A Matsumoto New Year
Happy New Year from Matsumoto! Hopefully everyone had a great beginning and end of the year ^^
Matsumoto was bustling with activity as people flocked to the local Buddhist temples and Shinto Shrines to ring in the New Year. The New Year’s festivities and rituals at temples and shrines begin just before midnight on December 31st, as many people want to make their first visit right as the clock strikes twelve (even in the freezing cold!).
On their visit, temple- and shrine-goers will usually line up before the main hall of the temple or shrine, make a small offering and prayer for the New Year, and then draw a paper “o-mikuji” (おみくじ) fortune which gives insights into how the year is going to play out for you regarding general luck, family, childbirth, marriage/love, travel, and other life events (they kind of remind me of a horoscopes…). Many people also get new “o-mamori” (お守り: blessed personal amulets for good fortune, health, etc.) for themselves or their homes for the new year.
I also paid a visit to a few temples and shrines around Matsumoto to see what was going on, so I’ll share some photos and insights here 🙂
Just before midnight, I visited Tosenji Temple in the Yamabe area. According to my Japanese neighbor, it’s good fortune to do a “ni-nen mairi” (二年参り), which translates to a “2-year visit to a shrine/temple” — that is, by doing a double visit (including small offering and prayer) just before midnight and then right after midnight, you are in a way paying your respects to the shrine/temple over two separate years on the same day!
Upon arriving at Tosenji, they had a huge bonfire going, which not only helps keep people warm, but is also where you can “return” your old o-mamori amulets from the previous year by tossing them in the fire (you certainly wouldn’t want to toss an amulet blessed by a priest into the regular trash!).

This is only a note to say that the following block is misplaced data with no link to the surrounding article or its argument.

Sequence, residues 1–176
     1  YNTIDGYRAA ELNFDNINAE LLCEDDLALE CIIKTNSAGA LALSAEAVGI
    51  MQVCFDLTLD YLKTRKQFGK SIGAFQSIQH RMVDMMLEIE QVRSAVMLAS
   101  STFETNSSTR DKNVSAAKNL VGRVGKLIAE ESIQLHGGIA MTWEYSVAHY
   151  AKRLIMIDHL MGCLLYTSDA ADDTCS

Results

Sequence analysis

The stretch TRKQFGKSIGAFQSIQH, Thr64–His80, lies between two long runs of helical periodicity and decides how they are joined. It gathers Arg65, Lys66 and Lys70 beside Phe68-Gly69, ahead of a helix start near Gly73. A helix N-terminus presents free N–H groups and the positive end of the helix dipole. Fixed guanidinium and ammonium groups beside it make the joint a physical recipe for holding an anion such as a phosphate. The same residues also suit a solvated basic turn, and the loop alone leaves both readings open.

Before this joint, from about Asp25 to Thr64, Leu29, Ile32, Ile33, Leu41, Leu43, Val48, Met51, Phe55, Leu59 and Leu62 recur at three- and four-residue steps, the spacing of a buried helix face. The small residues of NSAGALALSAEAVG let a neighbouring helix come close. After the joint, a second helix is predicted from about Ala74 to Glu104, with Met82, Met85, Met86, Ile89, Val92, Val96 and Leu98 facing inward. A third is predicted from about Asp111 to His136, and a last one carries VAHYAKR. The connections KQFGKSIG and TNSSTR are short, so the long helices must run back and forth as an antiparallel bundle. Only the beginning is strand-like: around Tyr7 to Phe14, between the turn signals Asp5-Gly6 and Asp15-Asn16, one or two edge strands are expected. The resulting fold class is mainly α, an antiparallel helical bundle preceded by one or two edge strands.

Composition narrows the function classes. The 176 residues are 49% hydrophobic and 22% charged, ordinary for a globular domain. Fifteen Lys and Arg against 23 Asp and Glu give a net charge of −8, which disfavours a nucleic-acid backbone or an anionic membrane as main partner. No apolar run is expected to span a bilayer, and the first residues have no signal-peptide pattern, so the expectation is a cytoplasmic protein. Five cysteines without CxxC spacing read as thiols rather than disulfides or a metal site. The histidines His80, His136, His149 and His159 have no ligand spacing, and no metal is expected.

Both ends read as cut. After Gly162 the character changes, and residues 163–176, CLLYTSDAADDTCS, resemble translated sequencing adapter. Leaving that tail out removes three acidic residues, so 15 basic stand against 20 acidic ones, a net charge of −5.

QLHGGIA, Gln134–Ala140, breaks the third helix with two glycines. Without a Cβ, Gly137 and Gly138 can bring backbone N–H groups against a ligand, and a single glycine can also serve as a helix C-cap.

The temple was also decorated with lit paper lanterns, colorful drapes, and there was a multicolored streamer attached to a huge pole so it would fly in the wind above the temple.
To bring in some extra good fortune, some people (including me) did their “ni-nen mairi” double visit, but in general, it seemed like most people showed up just after midnight.
The next day, New Year’s Day, I visited two of the main shrines in central Matsumoto: Fukashi Shrine and Yohashira Shrine.
Fukashi Shrine was fairly busy, but nothing compared to Yohashira Shrine—here, hundreds of people were lined up all the way to the main street waiting to pay their first visit to the shrine. To help keep people warm while waiting, the shrine was selling cups of hot amazake, a traditional sweet drink made sake lees (sakekasu) or koji, and steamed rice. Amazake is one of my favorite things about New Year shrine visits!
My last stop was the quirky Kasamori Inari Shrine dedicated to the white “inari” foxes. Here, you could buy pieces of fried tofu and place them at the shrine altar or at the base of the fox statues as an offering (because the white foxes apparently love eating fried tofu!).
The shrine also sold bundles of incense sticks which you could light and place in the stone incense bowl in front of the shrine building. Some people actually like to douse themselves in the smoke from the incense. Inside the shrine, a priest was selling small protection amulets, inari fox statues, and other items.
Did you spend New Year’s in Matsumoto? If so, feel free to share any photos or experiences on our Facebook page!
Again, happy New Year, and keep tuned in for more blog posts in 2018 <3